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Monday, February 28, 2011

Northern Ireland: The Peace Process


Kristin Archick
Specialist in European Affairs

Since 1969, over 3,500 people have died as a result of political violence in Northern Ireland, which is a part of the United Kingdom. The conflict, which has its origins in the 1921 division of Ireland, has reflected a struggle between different national, cultural, and religious identities. The Protestant majority (53%) in Northern Ireland defines itself as British and largely supports continued incorporation in the UK (unionists). The Catholic minority (44%) considers itself Irish, and many Catholics desire a united Ireland (nationalists).

For years, the British and Irish governments sought to facilitate a political settlement. After many ups and downs, the two governments and the Northern Ireland political parties participating in the peace talks announced an agreement on April 10, 1998. The resulting Good Friday Agreement (also known as the Belfast Agreement) called for devolved government—the transfer of power from London to Belfast—with a Northern Ireland Assembly and Executive Committee in which unionist and nationalist parties would share power. The agreement also contained provisions on decommissioning (disarmament), policing, human rights, UK security normalization (demilitarization), and the status of prisoners.

Despite a much improved security situation in the years since then, full implementation of the Good Friday Agreement has been challenging. For years, instability in Northern Ireland’s devolved government was the rule rather than the exception; decommissioning and police reforms were key sticking points. The devolved government was suspended for the fourth time in October 2002 amid a loss of trust and confidence on both sides of the conflict; this suspension lasted almost five years. During this time, London and Dublin led talks with Northern Ireland’s political parties to try to find a way forward.

On May 8, 2007, Northern Ireland’s devolved political institutions were restored following a power-sharing deal between the traditionally anti-agreement Democratic Unionist Party (DUP) and Sinn Fein, the political wing of the Irish Republican Army (IRA). The DUP and Sinn Fein are the largest unionist and nationalist parties, respectively, in Northern Ireland and have long been viewed as the two most polarized forces in Northern Ireland politics. London and Dublin hoped that this deal would entrench the political settlement embodied in the Good Friday Agreement and produce a politically stable devolved government.

In 2008, the DUP and Sinn Fein clashed over the outstanding issue of transferring authority for policing and justice affairs from London to Belfast. Given the sensitive nature of this portfolio, the parties had been unable to agree on its devolution at the time of the signing of the Good Friday Agreement. After protracted negotiations, the parties reached a deal in February 2010 paving the way for the devolution of police and justice powers in April 2010.

Successive U.S. administrations and many Members of Congress have actively supported the Northern Ireland peace process. The United States has provided development aid through the International Fund for Ireland (IFI) since 1986. In recent years, congressional hearings have focused on the peace process, police reforms, and the status of public inquiries into several murders in Northern Ireland in which collusion between the security forces and paramilitary groups is suspected. Many of these issues related to Northern Ireland, including the future of the IFI, may continue to be of interest in the 112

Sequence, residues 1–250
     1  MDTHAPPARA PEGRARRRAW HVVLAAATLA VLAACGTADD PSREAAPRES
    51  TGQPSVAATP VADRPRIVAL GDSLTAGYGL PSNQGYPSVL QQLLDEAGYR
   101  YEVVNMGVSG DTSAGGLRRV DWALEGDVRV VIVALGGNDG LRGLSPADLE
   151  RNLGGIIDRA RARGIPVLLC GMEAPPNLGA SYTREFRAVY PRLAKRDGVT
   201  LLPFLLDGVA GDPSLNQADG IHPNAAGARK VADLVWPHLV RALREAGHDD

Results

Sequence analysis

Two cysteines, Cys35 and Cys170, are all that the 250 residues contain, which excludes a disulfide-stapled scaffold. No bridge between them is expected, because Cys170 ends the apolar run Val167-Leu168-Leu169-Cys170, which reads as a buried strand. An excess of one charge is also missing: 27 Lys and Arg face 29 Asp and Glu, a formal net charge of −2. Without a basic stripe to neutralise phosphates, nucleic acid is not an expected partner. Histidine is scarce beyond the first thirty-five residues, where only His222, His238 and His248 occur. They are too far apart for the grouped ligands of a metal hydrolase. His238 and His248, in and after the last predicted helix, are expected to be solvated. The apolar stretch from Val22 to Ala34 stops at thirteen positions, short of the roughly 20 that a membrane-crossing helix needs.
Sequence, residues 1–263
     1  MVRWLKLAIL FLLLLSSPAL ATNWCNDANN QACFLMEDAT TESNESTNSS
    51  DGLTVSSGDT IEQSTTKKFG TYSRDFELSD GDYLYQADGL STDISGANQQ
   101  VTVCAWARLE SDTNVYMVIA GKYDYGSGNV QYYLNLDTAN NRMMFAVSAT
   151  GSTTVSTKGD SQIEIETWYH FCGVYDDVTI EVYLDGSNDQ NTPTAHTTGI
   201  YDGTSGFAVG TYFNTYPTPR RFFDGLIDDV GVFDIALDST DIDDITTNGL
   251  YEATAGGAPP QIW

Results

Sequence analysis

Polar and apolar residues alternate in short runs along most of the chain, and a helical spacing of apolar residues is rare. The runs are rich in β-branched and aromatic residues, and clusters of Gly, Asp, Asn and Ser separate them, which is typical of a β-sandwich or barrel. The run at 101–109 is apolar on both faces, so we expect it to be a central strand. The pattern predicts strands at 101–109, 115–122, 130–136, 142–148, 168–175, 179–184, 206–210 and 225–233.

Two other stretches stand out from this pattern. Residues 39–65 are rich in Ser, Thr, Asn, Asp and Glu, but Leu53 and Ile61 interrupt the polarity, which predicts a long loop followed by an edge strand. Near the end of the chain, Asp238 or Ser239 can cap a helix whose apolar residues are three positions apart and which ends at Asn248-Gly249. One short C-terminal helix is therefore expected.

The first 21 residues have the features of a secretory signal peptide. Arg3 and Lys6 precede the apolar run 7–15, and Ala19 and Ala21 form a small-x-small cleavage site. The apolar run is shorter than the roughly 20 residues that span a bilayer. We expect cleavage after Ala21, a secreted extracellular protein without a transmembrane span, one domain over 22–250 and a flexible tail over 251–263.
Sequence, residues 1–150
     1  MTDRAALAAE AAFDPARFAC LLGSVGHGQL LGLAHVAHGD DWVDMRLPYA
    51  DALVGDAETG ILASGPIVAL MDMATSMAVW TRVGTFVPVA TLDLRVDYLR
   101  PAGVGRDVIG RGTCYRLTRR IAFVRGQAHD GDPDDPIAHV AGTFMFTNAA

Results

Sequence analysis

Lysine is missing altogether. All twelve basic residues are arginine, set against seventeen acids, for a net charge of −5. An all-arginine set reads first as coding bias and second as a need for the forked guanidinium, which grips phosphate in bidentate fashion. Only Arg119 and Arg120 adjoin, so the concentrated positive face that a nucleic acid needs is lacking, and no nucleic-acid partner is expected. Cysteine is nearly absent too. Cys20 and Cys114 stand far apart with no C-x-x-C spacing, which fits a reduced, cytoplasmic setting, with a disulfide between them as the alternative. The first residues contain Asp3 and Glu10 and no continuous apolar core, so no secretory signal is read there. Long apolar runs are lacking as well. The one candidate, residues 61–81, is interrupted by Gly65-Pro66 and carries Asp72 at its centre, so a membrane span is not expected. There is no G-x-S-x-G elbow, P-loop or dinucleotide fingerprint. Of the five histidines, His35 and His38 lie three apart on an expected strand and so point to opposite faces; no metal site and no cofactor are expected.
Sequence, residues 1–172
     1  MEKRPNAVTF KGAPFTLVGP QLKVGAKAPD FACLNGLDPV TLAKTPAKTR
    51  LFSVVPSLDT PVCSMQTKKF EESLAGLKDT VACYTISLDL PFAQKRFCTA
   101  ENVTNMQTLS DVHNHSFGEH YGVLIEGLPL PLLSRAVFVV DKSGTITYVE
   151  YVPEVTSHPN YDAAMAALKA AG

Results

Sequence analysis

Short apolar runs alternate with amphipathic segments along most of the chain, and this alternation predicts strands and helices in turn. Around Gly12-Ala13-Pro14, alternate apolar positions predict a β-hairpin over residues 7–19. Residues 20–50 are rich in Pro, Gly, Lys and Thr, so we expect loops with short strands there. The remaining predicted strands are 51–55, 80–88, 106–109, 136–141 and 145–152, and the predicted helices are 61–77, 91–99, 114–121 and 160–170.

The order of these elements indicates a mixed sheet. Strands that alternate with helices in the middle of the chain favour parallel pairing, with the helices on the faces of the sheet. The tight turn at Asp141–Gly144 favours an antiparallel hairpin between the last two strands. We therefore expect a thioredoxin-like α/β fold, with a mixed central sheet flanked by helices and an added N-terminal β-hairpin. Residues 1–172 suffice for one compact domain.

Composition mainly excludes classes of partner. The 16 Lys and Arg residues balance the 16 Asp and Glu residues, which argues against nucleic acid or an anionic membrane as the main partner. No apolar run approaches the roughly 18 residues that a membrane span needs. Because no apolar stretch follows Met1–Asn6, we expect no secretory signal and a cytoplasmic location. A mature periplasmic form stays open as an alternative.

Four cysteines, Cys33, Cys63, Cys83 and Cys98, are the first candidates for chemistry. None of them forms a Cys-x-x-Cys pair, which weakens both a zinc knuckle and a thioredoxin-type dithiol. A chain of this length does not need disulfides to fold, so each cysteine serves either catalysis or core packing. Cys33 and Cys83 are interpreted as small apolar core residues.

th Congress.


Date of Report: February 18, 2011
Number of Pages: 17
Order Number: RS21333
Price: $29.95

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Thursday, February 17, 2011

The European Union’s Reform Process: The Lisbon Treaty


Kristin Archick
Specialist in European Affairs

Derek E. Mix
Analyst in European Affairs


The Lisbon Treaty, the latest institutional reform treaty of the European Union (EU), went into effect on December 1, 2009. The document was signed by the heads of state or government of the 27 EU member countries in December 2007. The process of completing ratification by each individual member country lasted nearly two years, concluding with ratification by the Czech Republic on November 3, 2009. The Lisbon Treaty reforms the EU’s governing institutions and decision-making process to enable the EU to operate more effectively. The treaty grew out of the proposed “constitutional treaty” that foundered after French and Dutch voters rejected it in referendums in 2005.

The Lisbon Treaty seeks to give the EU a stronger and more coherent voice with the creation of a new position, President of the European Council. The first holder of this office is former Belgian Prime Minister Herman Van Rompuy. He chairs the activities of the 27 EU heads of state or government, working to facilitate consensus and ensure policy continuity, and acting as the group’s spokesman. Additionally, the Lisbon Treaty seeks to increase the weight and visibility of the EU on the world stage by creating the new position of High Representative of the Union for Foreign Affairs and Security Policy. Catherine Ashton (from the United Kingdom), formerly European Commissioner for Trade, serves in this position. She will be supported by a newly created EU diplomatic corps, the European External Action Service.

The treaty also makes changes to the EU’s internal decision-making mechanisms. These changes have been designed to streamline the process and make it less susceptible to gridlock or blockage. Additional reforms attempt to address concerns about democratic accountability and transparency in EU policy-making by granting a greater role to the directly elected European Parliament, national parliaments, and citizens’ initiatives.